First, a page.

In the 1940s and 50s, during the romantic era of big-time railroading, the Second Avenue depot was the portal from Walla Walla to the outside world, transporting everything from groceries to soldiers. Under the Oregon Railroad and Navigation Co. which later became part of the Northern Pacific Railway Co., Walla Walla’s passenger and freight lines connected with Pendleton, Wallula and Eureka. Passenger service died out due to automobiles and freight trucks in 1956, but the depot continued freight service from Milton-Freewater and Wallula until 1984, then under the Burlington Northern Railroad. Though numerous railroad mergers and more advanced modes of transportation eventually left the depot vacant, the railroads passing in and out of Walla Walla made the city the largest trading center of southeastern Washinton and northeastern Oregon. In its heyday, the Second Avenue terminal served as the place for partings as well as the place for reunions.
Built in 1914 for an un-known, the red brick building has undergone a series of improvements, expansions and renovations in its 98 years of existence. Under the ownership of Bill and Jackie Pancake, the building was developed into a small retail center in 1989, aptly named “The Depot.” Renovations were directed after fastidious research into the depot’s architecture and history had been conducted; research that included tracking down the depot’s original, Burlington Northern plans. Efforts to recreate the depot’s old atmosphere and motif were rewarded when the building was named to the National Register of Historic Places, as well as when it won first and second place awards from Walla Walla 2020 and an award from the U.S. Department of Interior in 1989.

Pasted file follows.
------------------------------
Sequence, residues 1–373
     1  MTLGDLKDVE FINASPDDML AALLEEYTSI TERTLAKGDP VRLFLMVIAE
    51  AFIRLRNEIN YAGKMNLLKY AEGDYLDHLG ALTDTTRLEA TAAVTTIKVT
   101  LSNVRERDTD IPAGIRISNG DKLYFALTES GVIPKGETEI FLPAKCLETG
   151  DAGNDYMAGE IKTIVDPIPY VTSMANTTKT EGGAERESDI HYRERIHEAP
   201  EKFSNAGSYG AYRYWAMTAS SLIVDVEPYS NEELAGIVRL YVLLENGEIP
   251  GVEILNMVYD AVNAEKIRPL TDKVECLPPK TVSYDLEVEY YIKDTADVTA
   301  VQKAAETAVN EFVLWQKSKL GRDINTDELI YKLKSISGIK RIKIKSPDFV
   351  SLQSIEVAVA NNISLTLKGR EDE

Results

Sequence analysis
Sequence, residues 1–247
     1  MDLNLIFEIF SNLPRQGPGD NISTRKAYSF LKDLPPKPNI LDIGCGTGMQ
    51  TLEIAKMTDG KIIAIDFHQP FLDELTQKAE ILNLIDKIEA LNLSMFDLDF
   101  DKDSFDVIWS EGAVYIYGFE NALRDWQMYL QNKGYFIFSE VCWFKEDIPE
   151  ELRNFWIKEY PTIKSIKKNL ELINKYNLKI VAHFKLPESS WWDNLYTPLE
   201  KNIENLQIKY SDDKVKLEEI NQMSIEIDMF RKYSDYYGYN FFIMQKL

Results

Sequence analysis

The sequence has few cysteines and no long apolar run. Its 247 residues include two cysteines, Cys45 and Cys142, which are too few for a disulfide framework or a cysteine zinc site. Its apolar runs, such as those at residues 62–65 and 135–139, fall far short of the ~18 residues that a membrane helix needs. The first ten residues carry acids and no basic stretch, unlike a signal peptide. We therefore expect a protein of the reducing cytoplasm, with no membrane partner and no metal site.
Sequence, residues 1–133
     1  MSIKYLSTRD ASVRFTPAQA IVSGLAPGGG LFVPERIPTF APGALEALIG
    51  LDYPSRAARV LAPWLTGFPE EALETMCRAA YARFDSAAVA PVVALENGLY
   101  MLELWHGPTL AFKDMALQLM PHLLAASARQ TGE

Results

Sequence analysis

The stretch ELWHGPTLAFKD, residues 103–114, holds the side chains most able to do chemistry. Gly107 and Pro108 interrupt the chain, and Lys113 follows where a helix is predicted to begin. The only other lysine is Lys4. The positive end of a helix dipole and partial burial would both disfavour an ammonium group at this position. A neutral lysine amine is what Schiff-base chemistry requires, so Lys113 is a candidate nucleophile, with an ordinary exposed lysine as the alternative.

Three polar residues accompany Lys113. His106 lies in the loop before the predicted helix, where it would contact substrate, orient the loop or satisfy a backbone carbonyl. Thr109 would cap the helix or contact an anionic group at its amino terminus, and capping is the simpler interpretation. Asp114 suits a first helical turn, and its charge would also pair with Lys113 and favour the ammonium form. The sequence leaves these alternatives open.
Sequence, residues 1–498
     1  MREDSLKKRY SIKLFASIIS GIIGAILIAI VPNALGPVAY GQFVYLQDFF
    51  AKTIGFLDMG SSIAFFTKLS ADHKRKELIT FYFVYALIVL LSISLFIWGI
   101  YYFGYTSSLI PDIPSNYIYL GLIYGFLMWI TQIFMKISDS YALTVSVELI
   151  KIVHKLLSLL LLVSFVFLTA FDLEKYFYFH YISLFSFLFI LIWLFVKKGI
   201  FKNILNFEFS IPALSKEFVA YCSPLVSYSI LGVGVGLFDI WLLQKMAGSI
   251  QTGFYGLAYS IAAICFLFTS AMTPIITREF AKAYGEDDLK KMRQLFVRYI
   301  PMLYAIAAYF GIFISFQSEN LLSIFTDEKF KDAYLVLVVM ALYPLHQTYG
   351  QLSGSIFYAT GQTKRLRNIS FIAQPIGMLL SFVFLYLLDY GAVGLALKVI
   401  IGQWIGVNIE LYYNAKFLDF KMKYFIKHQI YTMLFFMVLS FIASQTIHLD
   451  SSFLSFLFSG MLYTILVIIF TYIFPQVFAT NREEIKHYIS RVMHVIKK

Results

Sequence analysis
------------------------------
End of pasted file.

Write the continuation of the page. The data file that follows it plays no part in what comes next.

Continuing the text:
Taking into account the historical nature of one of Walla Walla’s landmarks, a vintage 1950s railroad car used by Amtrak until about 1986 was transported from Portland, Ore. and situated by cranes as an addition to Jacobi’s C
afé in 1991. Today, patrons enjoy its period-correct, refurbished interior, which is modeled after a 1916 Pullman dining car.
The depot’s entryway, once the ticket and telegraph room, retains its original maple wood floorboards and houses fully restored passenger benches bearing the manufacturer’s original brass plates. The three-story brick tower originally used for viewing the rail yards and incoming trains still serves as the building’s command post, containing the staff offices and restaurant security systems .
Every effort has been painstakingly made to not only salvage what was already part of the depot, but to bring it back to life and keep it that way. The building was remodeled with the idea that visitors could walk on the same brick sidewalk where thousands gathered to send off soldiers, enter through doors using the original brass push plates, and sit on the same benches that once held waiting passengers. Inside or outside the depot, you should be able to easily imagine you’re amidst the hustle and bustle of the early 1900s.
Vince Cannone came to Walla Walla in 1988, bringing with him the culinary knowledge only a Sicilian heritage and a childhood spent in New York-style restaurants can produce. He and his wife, Kelle, have owned Jacobi’s Café twice during the restaurant’s existence: once from 1989 to 2000 and currently, since it reopened in 2009. Over the years, the Cannone family has carefully and lovingly maintained the depot’s historic charm and aesthetic. They’ve overseen its repairs and updates, and made sure little has been altered or removed. Vince and Kelle’s children, Anthony and Francheska, nearly grew up in the depot, learning the ins and outs of the building and considering it a second home as their parents worked in the kitchen and dining rooms of Jacobi’s Café.
Today, the Cannone family not only operates Jacobi’s from the staff offices, they prepare and cook quality artisanal meals in the kitchen, they bus and wait tables, they greet guests and they always take time to visit with diners. They bring “family owned and operated” to a new level, continually extending their Italian hospitality and feeding guests the hearty, authentic recipes the Cannone family has passed down from generation to generation. When you visit Jacobi’s Café, you are invited to experience the history of one of Walla Walla’s most iconic buildings while you dine like a true Italian; like you’re a part of the family.